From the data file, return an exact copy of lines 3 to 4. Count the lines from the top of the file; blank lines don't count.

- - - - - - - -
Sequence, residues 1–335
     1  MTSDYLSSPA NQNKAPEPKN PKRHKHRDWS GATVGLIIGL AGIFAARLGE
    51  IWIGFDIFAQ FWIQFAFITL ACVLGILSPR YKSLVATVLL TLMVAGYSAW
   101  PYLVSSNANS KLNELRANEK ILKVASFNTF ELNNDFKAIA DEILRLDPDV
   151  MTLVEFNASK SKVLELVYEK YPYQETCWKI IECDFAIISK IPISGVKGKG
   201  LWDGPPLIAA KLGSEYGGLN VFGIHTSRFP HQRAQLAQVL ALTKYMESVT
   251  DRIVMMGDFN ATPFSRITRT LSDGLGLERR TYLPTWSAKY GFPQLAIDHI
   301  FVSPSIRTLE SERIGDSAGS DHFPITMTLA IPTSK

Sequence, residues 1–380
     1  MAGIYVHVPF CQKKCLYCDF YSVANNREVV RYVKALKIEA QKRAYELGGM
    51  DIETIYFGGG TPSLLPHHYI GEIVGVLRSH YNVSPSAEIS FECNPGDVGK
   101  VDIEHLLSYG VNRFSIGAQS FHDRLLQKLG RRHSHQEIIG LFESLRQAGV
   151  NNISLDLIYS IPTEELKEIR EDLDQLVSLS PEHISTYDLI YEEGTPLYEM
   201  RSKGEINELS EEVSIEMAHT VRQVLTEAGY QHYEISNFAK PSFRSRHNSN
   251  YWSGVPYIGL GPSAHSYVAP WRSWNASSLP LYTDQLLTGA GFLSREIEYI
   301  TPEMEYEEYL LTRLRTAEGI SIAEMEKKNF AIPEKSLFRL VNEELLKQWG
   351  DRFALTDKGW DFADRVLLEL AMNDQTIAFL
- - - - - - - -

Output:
    51  IWIGFDIFAQ FWIQFAFITL ACVLGILSPR YKSLVATVLL TLMVAGYSAW
   101  PYLVSSNANS KLNELRANEK ILKVASFNTF ELNNDFKAIA DEILRLDPDV